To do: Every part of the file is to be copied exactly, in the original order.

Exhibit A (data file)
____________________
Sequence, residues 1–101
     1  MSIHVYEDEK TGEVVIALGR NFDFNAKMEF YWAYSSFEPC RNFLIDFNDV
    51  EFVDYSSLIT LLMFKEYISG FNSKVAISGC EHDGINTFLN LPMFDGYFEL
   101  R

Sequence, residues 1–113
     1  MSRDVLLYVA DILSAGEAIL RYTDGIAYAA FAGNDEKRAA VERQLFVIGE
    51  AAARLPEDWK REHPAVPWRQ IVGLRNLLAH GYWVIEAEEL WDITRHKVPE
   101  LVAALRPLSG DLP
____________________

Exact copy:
Sequence, residues 1–101
     1  MSIHVYEDEK TGEVVIALGR NFDFNAKMEF YWAYSSFEPC RNFLIDFNDV
    51  EFVDYSSLIT LLMFKEYISG FNSKVAISGC EHDGINTFLN LPMFDGYFEL
   101  R

Sequence, residues 1–113
     1  MSRDVLLYVA DILSAGEAIL RYTDGIAYAA FAGNDEKRAA VERQLFVIGE
    51  AAARLPEDWK REHPAVPWRQ IVGLRNLLAH GYWVIEAEEL WDITRHKVPE
   101  LVAALRPLSG DLP